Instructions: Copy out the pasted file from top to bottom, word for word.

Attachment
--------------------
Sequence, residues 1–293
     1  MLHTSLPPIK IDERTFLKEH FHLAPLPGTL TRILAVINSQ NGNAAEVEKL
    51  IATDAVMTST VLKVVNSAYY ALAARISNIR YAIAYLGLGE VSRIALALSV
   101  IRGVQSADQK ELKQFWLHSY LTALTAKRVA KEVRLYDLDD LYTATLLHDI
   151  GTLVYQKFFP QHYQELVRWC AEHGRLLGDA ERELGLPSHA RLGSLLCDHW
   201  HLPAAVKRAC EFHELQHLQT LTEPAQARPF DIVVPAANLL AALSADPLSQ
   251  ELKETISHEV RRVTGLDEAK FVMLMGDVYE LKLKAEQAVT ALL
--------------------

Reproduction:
Sequence, residues 1–293
     1  MLHTSLPPIK IDERTFLKEH FHLAPLPGTL TRILAVINSQ NGNAAEVEKL
    51  IATDAVMTST VLKVVNSAYY ALAARISNIR YAIAYLGLGE VSRIALALSV
   101  IRGVQSADQK ELKQFWLHSY LTALTAKRVA KEVRLYDLDD LYTATLLHDI
   151  GTLVYQKFFP QHYQELVRWC AEHGRLLGDA ERELGLPSHA RLGSLLCDHW
   201  HLPAAVKRAC EFHELQHLQT LTEPAQARPF DIVVPAANLL AALSADPLSQ
   251  ELKETISHEV RRVTGLDEAK FVMLMGDVYE LKLKAEQAVT ALL